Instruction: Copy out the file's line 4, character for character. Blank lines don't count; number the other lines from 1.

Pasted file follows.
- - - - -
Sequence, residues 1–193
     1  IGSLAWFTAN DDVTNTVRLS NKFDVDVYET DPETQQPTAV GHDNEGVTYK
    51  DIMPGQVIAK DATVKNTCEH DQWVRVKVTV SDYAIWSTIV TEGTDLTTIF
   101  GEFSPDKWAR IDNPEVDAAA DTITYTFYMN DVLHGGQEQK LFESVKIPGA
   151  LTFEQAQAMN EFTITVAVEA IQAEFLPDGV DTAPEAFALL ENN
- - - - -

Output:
   101  GEFSPDKWAR IDNPEVDAAA DTITYTFYMN DVLHGGQEQK LFESVKIPGA